I started off with Revenge of the Sith, Matthew Stover's excellent novelization of Star Wars' Episode III. Stover improved upon the movie by expanding characterization and creating deeper tension between the lead characters that redeemed weaker parts of the movie altogether.
Next I read Lemony's Snicket's The Unauthorized Autobiography, a faux-collection of documents -- letters, memos, newspaper clippings, play scripts, photographs -- that relate to the Series of Unfortunate Events and tease readers by allowing them to piece together some of the series' mysteries.
I decided to finish Animorphs, a series from my youth, and jumped in past the halfway point with book 30, The Reunion, in which the Animorphs attempt to capitalize on the conflict between two Yeerk generals to remove both of them as threats.
My big read last week was John Reader's Africa, a comprehensive history of Africa that began with the cooling of the mantle and fades away after the first of Africa's independence movements. Reader's is a general history that attempts to dispel myths about Africa: I enjoyed my trek through it and emerged all the better for it.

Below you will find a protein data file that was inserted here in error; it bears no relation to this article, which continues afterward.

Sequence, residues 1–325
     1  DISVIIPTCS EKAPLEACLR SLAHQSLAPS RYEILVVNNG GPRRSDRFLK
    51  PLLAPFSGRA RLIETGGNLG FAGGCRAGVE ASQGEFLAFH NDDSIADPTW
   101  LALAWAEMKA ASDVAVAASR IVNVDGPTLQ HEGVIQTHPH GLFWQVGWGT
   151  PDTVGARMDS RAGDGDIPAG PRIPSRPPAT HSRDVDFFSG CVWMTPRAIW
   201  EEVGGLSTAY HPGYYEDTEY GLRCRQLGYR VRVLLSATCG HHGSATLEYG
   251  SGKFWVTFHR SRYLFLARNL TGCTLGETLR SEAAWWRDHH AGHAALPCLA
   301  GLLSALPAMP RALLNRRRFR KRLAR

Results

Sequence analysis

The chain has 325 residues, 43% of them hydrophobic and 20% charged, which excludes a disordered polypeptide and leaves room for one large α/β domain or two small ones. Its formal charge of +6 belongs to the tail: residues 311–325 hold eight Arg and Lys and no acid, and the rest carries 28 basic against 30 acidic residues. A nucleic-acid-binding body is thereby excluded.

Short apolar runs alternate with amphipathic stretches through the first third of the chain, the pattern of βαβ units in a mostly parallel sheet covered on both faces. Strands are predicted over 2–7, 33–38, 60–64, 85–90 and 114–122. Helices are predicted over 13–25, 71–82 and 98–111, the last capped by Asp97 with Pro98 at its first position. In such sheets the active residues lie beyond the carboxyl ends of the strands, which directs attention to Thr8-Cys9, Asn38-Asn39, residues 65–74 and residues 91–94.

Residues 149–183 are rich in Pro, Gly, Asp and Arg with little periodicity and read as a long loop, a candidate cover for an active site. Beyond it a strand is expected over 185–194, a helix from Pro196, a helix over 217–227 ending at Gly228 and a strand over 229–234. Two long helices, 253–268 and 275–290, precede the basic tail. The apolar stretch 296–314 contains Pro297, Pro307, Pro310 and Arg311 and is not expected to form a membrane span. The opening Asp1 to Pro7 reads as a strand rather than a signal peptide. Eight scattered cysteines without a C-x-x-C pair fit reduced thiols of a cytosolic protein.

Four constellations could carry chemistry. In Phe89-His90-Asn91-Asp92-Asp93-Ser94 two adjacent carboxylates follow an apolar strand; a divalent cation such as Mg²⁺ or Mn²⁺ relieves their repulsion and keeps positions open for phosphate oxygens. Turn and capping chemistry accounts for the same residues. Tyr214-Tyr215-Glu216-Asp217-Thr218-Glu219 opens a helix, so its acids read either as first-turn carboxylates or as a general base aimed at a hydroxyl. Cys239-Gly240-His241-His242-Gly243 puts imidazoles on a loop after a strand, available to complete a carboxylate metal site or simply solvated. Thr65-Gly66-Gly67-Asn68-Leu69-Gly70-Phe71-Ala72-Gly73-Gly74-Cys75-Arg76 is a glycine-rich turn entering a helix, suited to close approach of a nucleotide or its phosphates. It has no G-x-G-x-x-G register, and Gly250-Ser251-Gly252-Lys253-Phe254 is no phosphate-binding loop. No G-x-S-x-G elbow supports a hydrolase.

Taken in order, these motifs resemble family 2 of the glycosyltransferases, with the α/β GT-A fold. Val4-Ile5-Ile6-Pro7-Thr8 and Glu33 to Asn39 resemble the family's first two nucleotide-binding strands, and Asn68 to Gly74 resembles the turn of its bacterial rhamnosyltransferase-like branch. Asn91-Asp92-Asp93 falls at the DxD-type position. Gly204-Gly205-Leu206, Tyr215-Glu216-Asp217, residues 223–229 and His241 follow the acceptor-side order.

Quotation of the Week: "The history books make arouse admiration for some strategic decision, or horror at some tactical blunder; the novels can conjure up a tingle of excitement, but it is the numbers that constitute the most telling and durable evocations of the [Great][W]ar. They are impossible to forget." - John Reader
- Death in Winter, Michael Jan Friedman. I'm trying to get back into Trek literature, and Friedman is without question my favorite author in that genre.
- Around the World in 80 Days, Jules Verne.
- Dinosaur Lives, John R. Horner
- Elizabeth the Queen, Alison Weir. My library didn't have it, but during a recent trip to the zoo I stopped by a local bookshop to spend a gift card.